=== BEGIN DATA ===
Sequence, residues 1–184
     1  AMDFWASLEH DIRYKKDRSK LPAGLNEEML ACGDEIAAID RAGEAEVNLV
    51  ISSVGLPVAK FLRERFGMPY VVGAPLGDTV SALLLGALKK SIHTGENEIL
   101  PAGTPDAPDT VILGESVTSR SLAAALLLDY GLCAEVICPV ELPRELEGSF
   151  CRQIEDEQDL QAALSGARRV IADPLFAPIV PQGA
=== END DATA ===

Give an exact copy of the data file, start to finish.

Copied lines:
Sequence, residues 1–184
     1  AMDFWASLEH DIRYKKDRSK LPAGLNEEML ACGDEIAAID RAGEAEVNLV
    51  ISSVGLPVAK FLRERFGMPY VVGAPLGDTV SALLLGALKK SIHTGENEIL
   101  PAGTPDAPDT VILGESVTSR SLAAALLLDY GLCAEVICPV ELPRELEGSF
   151  CRQIEDEQDL QAALSGARRV IADPLFAPIV PQGA